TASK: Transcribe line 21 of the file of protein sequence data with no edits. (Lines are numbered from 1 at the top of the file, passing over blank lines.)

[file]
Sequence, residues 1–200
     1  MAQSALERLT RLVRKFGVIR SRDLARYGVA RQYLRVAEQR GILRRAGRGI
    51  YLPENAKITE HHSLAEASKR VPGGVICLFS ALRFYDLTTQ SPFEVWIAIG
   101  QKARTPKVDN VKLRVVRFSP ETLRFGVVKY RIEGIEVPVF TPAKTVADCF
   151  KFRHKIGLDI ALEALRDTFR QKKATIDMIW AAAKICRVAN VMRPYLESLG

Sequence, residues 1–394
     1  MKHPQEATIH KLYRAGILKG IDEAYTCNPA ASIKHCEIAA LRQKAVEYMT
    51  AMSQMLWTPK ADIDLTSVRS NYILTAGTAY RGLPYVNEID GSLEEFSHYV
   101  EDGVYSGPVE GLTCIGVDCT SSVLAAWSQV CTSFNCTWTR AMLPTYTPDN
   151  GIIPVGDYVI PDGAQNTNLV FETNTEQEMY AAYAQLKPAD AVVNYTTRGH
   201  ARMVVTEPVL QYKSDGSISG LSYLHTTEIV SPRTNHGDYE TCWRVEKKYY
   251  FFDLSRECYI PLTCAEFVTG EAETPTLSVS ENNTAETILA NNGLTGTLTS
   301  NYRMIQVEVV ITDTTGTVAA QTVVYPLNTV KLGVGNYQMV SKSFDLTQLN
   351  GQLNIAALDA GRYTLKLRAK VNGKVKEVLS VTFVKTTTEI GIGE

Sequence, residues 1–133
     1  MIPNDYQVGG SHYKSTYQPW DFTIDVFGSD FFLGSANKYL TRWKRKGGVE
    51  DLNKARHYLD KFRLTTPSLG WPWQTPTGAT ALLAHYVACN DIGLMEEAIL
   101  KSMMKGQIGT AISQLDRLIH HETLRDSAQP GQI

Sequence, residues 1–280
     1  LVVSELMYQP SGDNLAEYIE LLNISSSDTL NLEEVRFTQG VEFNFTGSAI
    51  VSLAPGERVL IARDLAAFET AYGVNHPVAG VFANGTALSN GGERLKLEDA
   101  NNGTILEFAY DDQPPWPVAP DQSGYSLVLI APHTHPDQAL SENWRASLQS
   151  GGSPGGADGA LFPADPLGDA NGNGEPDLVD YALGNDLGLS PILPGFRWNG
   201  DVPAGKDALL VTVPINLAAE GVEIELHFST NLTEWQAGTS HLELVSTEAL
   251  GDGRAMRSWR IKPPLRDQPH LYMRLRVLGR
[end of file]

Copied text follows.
    51  VSLAPGERVL IARDLAAFET AYGVNHPVAG VFANGTALSN GGERLKLEDA